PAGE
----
Martha Hall Findlay confident of Liberal leadership chances
Published Thursday, November 15, 2012 9:16AM EST
Last Updated Thursday, November 15, 2012 9:50AM EST
Martha Hall Findlay says she’s not daunted by political pundits who say the race for the federal Liberal leadership is really just a coronation ceremony for obvious front-runner, Justin Trudeau.
“I wouldn’t be doing it if I didn’t think we could win,” Hall Findlay told CTV’s Canada AM from Calgary Thursday.
Hall Findlay, 53, joined the leadership race Wednesday, the same day the campaign officially began. And while seven other men and women have already declared their candidacy, most agree that Trudeau is the most high-profile candidate with the best chances of winning.
But Hall Findlay says she has skills and experience that Trudeau simply doesn’t have.
“Justin and I bring very different things to the table,” she said. “I have a background in business. I have done a lot of international work. I have been a senior executive with large teams of people both here and abroad. I’ve also run my own businesses successfully.
“So knowing things like how to meet payroll and doing so successfully are very important skills to have.”
She added that the biggest challenges currently facing Canadians are economic challenges. “And I think it’s really important to have somebody who has that background and experience.”
Hall Findlay ran for the Liberal leadership in 2006 before eventually dropping out and throwing her support behind eventual winner Stephane Dion. Dion lasted as Liberal leader for two years before resigning following the party’s dismal results in the 2008 federal election.
Hall Findlay went on to win the Toronto riding of Willowdale in a March 2008 byelection, and was re-elected in the general election later that year. But she lost her seat in 2011 during an election that saw the Liberal seats whittled down to just 34 -- the party’s worst-ever performance as the NDP took over as official Opposition.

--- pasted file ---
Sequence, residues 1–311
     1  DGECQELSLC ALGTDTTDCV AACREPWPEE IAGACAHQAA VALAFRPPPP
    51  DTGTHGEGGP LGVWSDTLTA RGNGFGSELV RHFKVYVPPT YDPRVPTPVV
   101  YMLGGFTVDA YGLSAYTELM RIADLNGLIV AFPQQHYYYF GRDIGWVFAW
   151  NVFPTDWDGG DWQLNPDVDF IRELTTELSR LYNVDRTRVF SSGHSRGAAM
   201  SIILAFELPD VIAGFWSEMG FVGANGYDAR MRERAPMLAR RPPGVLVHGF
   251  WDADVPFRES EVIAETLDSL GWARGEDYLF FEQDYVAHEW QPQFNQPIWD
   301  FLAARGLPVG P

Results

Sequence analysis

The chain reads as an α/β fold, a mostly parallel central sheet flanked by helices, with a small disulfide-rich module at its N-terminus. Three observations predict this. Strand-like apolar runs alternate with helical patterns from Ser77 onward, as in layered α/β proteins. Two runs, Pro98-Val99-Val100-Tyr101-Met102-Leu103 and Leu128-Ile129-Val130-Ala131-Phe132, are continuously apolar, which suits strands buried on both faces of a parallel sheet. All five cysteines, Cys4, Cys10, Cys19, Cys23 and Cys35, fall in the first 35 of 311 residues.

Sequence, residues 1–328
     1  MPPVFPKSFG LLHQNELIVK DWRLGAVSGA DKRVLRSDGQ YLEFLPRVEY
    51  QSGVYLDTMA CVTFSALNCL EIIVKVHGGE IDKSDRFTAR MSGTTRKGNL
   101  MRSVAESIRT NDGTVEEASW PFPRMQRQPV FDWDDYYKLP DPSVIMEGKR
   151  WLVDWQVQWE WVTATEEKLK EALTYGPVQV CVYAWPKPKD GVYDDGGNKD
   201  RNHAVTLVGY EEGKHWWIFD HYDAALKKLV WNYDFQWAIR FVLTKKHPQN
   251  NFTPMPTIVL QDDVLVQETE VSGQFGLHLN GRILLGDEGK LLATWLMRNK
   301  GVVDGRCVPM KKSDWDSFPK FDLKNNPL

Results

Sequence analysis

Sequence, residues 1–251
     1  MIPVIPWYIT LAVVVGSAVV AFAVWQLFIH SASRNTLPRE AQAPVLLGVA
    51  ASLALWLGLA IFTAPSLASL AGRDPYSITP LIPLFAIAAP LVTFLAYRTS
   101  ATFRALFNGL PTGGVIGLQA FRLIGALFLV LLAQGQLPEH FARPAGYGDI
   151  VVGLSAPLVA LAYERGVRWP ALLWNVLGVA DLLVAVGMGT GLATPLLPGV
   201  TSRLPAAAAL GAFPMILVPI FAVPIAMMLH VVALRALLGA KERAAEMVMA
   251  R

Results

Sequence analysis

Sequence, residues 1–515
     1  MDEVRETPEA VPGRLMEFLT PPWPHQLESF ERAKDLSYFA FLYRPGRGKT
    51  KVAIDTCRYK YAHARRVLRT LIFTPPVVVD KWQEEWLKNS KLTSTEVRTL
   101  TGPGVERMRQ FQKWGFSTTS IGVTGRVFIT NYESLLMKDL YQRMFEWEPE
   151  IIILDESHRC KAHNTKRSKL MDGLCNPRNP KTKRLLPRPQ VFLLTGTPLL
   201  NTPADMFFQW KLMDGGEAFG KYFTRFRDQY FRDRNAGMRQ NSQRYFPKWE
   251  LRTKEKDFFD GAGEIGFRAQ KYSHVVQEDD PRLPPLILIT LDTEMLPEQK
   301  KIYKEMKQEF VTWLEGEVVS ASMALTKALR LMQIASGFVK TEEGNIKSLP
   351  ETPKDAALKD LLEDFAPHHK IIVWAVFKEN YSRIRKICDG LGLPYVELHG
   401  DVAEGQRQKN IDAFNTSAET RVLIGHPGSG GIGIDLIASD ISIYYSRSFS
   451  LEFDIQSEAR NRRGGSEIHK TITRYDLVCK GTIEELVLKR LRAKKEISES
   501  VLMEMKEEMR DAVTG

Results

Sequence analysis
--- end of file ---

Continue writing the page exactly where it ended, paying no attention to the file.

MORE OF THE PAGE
Hall Findlay says she would like to run in Willowdale again, although she chose to launch her campaign in Calgary to make the point that the Liberals need to become a national party once again.
This time around, Hall Findlay has brought in Stephen Carter to run her leadership campaign. He successfully steered Naheed Nenshi out of near-obscurity and into the Calgary mayor's chair two years ago. He also ran the leadership and provincial election campaigns for Alberta Premier Alison Redford.
Hall Findlay says she now has a “fantastic team “in Calgary, Toronto and across the country, and says she will bring with her the lessons she learned the last time she ran for the leadership.
“The 2006 campaign was just an extraordinary experience. It was 10 months and it afforded me the opportunity to travel across the country and have conversation with Canadians about their aspirations, their concerns politically, and it was absolutely fantastic,” she said.
“And though I didn’t win in 2006, I really won in every other respect. Everything I learned and all the experiences have all added to what I know I can bring to the table now.”
The others who have formally declared their candidacy for the Liberal leadership are:
- lawyer Deborah Coyne
- retired Canadian Forces Lt.-Col Karen McCrimmon
- prosecutor Alex Burton
- lawyer David Bertschi
- economist Jonathan Mousley
- David Merner, of the party’s B.C. chapter
At least three others are also expected to join the competition:
- Vancouver MP Joyce Murray
- Toronto lawyer George Takach
- Montreal MP Marc Garneau
The Liberal party will pick a new leader in April. There will first be a final "showcase event" for candidates on April 6 in Toronto, which will then kick off a week of voting. The results will be announced April 14 in Ottawa.